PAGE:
Symptoms

Symptoms vary among patients. Every body is different. Adults and children have different symptoms, so don’t expect to have the same symptoms as others.

Symptoms for adults may include but are not limited to:

  • nausea and vomiting
  • seizures
  • weakness and fatigue (chronic)
  • irritability or mood swings
  • irritable bowel syndrome (IBS)
  • lactose intolerance
  • inflammatory bowel disease
  • headaches or migraines
  • insomnia
  • abdominal cramping or bloating
  • missed menstrual periods
  • infertility or miscarriages
  • sores in the mouth
  • severe anxiety or depression (chronic)
  • arthritis or joint and bone pain
  • numbness in the hands or feet
  • bone loss
  • weight loss
  • vitamin d deficiency
  • calcium deficiency
  • anemia
  • constipation and/or diarrhea
  • pale, fatty, and foul smelling stools
  • loss of enamel and gum recession
  • skin rashes and dermatitis herpetiformis

Symptoms for children may include but are not limited to:

  • vomiting
  • constipation
  • seizures
  • weakness and fatigue
  • failure to thrive
  • weight loss
  • irritability or mood swings
  • delayed growth or puberty
  • loss of enamel and gum recession
  • ADHD
  • anxiety or depression
  • headaches or migraines

Testing

If you suspect that you have celiac disease, then call your primary doctor and tell him why you suspect having celiac disease. You can also ask for a simple blood test to look for an allergy to wheat and gluten:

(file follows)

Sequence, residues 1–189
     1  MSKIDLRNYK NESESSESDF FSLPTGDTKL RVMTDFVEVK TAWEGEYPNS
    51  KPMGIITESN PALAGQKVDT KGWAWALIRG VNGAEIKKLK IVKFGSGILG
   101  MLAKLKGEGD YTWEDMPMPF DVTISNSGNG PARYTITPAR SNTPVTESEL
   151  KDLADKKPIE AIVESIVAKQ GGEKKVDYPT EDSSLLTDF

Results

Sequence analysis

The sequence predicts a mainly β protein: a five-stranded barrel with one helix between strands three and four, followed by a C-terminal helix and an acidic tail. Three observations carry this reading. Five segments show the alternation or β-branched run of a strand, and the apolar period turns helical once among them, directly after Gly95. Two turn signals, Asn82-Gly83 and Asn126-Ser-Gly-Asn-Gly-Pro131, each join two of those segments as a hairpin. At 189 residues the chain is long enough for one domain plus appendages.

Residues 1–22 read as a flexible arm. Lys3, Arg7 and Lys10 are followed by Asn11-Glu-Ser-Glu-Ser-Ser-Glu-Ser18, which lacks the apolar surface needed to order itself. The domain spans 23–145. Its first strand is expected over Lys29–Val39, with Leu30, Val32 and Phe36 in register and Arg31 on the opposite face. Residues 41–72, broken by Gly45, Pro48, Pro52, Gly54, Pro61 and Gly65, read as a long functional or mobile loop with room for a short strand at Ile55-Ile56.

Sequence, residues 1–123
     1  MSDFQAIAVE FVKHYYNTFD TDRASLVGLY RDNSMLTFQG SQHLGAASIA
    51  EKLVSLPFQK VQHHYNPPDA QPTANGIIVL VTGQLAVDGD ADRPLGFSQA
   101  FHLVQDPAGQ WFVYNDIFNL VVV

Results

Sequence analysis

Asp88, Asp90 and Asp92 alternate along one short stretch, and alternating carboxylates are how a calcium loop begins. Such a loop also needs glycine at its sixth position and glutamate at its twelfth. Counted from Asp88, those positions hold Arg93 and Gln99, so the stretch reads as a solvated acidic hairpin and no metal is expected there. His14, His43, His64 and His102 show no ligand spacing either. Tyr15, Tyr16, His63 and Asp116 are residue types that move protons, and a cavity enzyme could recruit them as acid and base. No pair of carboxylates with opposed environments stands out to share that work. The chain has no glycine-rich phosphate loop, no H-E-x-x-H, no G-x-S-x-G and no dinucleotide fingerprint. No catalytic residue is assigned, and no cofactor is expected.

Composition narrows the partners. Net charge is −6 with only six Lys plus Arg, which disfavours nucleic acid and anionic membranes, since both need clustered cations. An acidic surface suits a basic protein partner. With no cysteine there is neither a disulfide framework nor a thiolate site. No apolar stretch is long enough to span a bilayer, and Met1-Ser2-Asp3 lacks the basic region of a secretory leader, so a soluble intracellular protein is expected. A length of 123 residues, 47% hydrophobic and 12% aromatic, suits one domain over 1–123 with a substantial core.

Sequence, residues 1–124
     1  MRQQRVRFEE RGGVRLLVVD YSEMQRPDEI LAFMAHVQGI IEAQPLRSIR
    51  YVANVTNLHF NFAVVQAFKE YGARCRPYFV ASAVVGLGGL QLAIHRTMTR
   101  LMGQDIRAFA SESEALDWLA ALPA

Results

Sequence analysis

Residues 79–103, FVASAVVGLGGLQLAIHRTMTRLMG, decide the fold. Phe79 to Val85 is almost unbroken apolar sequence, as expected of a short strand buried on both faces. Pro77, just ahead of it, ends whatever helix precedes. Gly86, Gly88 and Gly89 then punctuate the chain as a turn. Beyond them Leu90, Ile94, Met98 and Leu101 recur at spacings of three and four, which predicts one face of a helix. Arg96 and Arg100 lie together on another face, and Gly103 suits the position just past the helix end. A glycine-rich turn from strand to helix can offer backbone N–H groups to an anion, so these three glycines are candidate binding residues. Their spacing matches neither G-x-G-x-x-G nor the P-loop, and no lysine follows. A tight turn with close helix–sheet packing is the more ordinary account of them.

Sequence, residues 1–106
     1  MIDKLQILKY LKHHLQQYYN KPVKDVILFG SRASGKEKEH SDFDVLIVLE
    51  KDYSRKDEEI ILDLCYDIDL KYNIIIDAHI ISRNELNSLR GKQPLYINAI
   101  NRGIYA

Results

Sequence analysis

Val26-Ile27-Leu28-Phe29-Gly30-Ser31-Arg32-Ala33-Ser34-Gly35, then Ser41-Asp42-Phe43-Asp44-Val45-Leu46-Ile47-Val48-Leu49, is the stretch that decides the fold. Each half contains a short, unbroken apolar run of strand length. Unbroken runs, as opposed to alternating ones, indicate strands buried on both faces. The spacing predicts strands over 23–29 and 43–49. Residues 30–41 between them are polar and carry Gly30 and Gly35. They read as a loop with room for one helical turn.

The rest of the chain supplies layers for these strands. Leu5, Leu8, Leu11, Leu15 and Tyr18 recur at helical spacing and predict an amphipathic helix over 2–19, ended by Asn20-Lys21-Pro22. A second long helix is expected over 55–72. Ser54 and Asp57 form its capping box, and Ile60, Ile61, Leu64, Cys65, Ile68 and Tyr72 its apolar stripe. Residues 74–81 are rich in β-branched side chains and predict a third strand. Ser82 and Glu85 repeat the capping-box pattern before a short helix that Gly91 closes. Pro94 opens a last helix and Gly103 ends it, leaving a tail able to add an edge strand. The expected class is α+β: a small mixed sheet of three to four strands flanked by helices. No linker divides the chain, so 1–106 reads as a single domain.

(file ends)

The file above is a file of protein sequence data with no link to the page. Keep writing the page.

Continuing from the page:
• gAtTG: Immunoglobulin A (IgA) anti-tissue transglutaminase (tTG) antibody
  • IgAEMA: Immunoglobulin A (IgA) antiendomysial antibody (EMA)

You can also ask them to check your vitamin d levels, a complete blood count to test for anemia, a chemistry screen to look for mineral and electrolyte imbalances, a thyroid test, and other tests to rule out other diseases. Check with your insurance company to see which tests they cover before you have your doctor order any tests.

You can also request a gastroenterologist to do an intestinal biopsy of your small intestine to confirm celiac disease. Unfortunately, the doctor may ask you to consume gluten prior to this test so that they can see your body react to the consumption of gluten.

Do NOT take this disease lightly! From someone who may have had it my whole life, please, if you think that you have it, then get tested today! For further reading, please go to the National Foundation for Celiac Awareness. I also recommend you read Gluten Freedom by Alessio Fasano, America’s leading celiac disease specialist. Dr. Fasano’s book is very informative, and he believes that they are close to finding a treatment for celiac disease!

Sources:

“Celiac Disease.” www.niddk.gov. June 2015.

Fasano, Alessio. Gluten Freedom. New York: Turner Publishing Company, 2014.

Let’s Hear From You!

Personally, I’ve experienced headaches, severe heartburn, skin rashes, joint pain, muscle and stomach cramps, dizziness, anxiety, and a few other problems after eating gluten. Some symptoms would either last for hours or days, while other symptoms still persist even after a few years of being on a gluten free diet. As of today, I only know of one other relative that has celiac disease, but I suspect that there may be a few other people in my family who have it, or they at least have a sensitivity to it.

What about you? Do you have celiac disease? What are your symptoms? How many people do you know have celiac disease or a gluten sensitivity? How did you find out? How are you coping with it? Do you know any good gluten free recipes?!